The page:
Nutrition plays an important role in a variety of health factors, including vision and the development of eye health. As we age, visual acuity, or the sharpness of vision, can change due to a variety of eye-related conditions. Eating a healthy diet full of vitamins to benefit the eyes can assist in healthy aging and a lower risk for developing macular degeneration (ARMD), dry eye syndrome (DES), and cataracts.
How Nutrition Affects Your Eyes
Hippocrates was the first to say, “Let food by thy medicine and medicine be thy food,” or as we more commonly quote, “food is medicine.” Feeding your body nutrient-dense foods is a key component of preventing a variety of health issues. Proper nutrition can decrease inflammation, alkalize and detoxify the body (balance pH levels), regulate blood sugar, balance hormones, assist in nutrient absorption and digestion, and more.
Omega-3 fatty acids are an essential nutrient for healthy eyes. “Docosahexaenoic acid (DHA), a type of omega-3, is crucial to the development and functioning of the brain, nervous system, and retina,” says Claus M. Fichte, M.D., founding partner, medical director, eye physician, and surgeon at Fichte Endl & Elmer Eyecare.
“Cell membranes formed from healthy fats, such as omega-3 and omega-6 fatty acids, are thought to be better able to resist oxidative stress to retinal pigments and photoreceptors over a lifetime,” he adds. “Similarly, dry eye is known to be an inflammatory disease of the ocular mucous membranes, and omega-3 EFA supplements have, in numerous studies, been shown to be as effective as medical therapies.”
Macular health is also directly affected by nutrition. The macula is found in the central point of the retina and affects visual acuity. The dietary carotenoids lutein and zeaxanthin protect the macula by filtering out the “phototoxic” blue light found in the sun’s rays. Although a certain amount of blue light is important in the body’s ability to produce melatonin, certain levels need to be filtered out to protect the macula.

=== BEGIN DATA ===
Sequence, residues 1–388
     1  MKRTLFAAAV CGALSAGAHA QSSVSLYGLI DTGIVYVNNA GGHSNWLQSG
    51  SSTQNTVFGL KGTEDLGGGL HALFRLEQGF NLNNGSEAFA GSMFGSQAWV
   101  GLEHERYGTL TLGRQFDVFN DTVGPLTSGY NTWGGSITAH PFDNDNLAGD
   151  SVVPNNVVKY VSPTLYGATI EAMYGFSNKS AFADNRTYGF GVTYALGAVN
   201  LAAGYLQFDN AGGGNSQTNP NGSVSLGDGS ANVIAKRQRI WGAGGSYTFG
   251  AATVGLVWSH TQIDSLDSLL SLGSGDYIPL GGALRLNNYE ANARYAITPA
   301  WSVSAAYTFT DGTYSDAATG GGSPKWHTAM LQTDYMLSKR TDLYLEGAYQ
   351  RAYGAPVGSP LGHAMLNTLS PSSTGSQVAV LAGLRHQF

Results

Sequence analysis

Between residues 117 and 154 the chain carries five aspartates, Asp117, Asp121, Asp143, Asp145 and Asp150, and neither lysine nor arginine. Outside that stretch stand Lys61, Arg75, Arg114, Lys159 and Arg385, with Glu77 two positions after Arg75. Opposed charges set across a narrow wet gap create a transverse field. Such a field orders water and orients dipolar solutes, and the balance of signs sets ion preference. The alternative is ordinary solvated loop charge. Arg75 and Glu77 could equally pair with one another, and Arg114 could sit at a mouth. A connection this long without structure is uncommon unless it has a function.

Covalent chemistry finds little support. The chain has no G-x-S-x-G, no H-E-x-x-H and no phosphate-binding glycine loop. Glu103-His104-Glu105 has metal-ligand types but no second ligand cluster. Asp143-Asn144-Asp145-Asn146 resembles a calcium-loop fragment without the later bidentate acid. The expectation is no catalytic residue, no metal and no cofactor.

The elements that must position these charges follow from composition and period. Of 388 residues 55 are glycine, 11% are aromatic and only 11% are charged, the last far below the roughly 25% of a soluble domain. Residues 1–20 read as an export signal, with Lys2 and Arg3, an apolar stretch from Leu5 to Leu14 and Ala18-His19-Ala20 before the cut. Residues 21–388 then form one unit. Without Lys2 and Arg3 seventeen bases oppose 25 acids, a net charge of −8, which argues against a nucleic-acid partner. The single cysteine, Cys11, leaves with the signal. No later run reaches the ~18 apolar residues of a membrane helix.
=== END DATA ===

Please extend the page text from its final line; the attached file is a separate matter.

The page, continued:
“The concentration of lutein and zeaxanthin in the macula depends, in part, on dietary consumption,” Dr. Fichte says. “Studies have shown an inverse correlation between dietary consumption of these carotenoids and age-related macular degeneration (ARMD). The retina also has specific blue-light receptors that stimulate the brain to make melatonin, and patients with healthier melatonin levels also have less ARMD.”
Poor nutrition can impact the likelihood of developing cataracts as you age. “It has been shown that patients with high blood sugar levels have a significantly higher incidence of requiring cataract surgery,” Dr. Fichte adds.
Food for Healthy Eyes
Eating a nutritional diet to promote eye health is easier than many believe. Dr. Fichte recommends making the following dietary adjustments to promote wellness.
- Consume three to five servings of organic vegetables per day.
- Vegetables are good sources of fiber, antioxidants, and phytonutrients, which are key components of metabolic health.
- Eat two to four servings of fresh fruit per day.
- Fruits are rich in fiber and vitamin C—important nutrients for collagen formation, wound repair, and gastrointestinal health.
- Decrease intake of refined sugars.
- Refined sugar contributes to inflammation and high blood sugar levels.
- Reduce consumption of trans fats in favor of moderate amounts of healthy fats
- Healthy fats such as omega-3 essential fatty acids (EFA), olive oils, nut oils, and organic butter can be beneficial for brain and circulation health when consumed in small amounts.
- Cold water fish such as salmon, tuna, sardines, and mackerel are good sources of omega-3 fatty acids.
- Take 21 to 30 grams of fiber per day.
- Fiber helps regulate how the body breaks down and absorbs sugars while keeping you hungry for longer periods of time.
- Consume foods rich with lutein and zeaxanthin.
- Eggs are a good source of protein, lutein, and vitamin A.
- Both lutein and zeaxanthin are found in spinach, kale, collard greens, broccoli, peas, and avocados.
- Carrots, tomatoes, bell peppers, strawberries, pumpkin, corn, and cantaloupe are rich with vitamin A, vitamin C, and carotenoids.
- Supplement vitamins and minerals when necessary
- Zinc, potassium, magnesium, and calcium are crucial nutrients for healthy metabolic processes. Vitamin D is also an important nutrient as it promotes immune system function and bone growth. If your diet does not include adequate amounts of these vitamins and minerals, supplements can help achieve proper levels.
Many foods are rich in nutrients to promote eye health. We’ve broken down the major components below.
For more information about nutrition for eye health, contact our office at (800) 309-2020 to schedule an appointment. We are accepting new patients and participate with most major insurances.